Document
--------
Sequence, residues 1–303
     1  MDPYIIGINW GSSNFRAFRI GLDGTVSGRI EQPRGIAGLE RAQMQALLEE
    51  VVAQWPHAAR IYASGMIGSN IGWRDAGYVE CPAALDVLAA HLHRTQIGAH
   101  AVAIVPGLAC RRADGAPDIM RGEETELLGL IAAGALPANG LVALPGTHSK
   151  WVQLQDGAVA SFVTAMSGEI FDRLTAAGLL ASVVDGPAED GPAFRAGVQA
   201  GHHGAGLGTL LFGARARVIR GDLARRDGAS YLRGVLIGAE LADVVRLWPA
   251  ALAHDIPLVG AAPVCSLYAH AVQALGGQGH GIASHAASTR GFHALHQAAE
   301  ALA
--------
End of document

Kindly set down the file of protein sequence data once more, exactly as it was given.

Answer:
Sequence, residues 1–303
     1  MDPYIIGINW GSSNFRAFRI GLDGTVSGRI EQPRGIAGLE RAQMQALLEE
    51  VVAQWPHAAR IYASGMIGSN IGWRDAGYVE CPAALDVLAA HLHRTQIGAH
   101  AVAIVPGLAC RRADGAPDIM RGEETELLGL IAAGALPANG LVALPGTHSK
   151  WVQLQDGAVA SFVTAMSGEI FDRLTAAGLL ASVVDGPAED GPAFRAGVQA
   201  GHHGAGLGTL LFGARARVIR GDLARRDGAS YLRGVLIGAE LADVVRLWPA
   251  ALAHDIPLVG AAPVCSLYAH AVQALGGQGH GIASHAASTR GFHALHQAAE
   301  ALA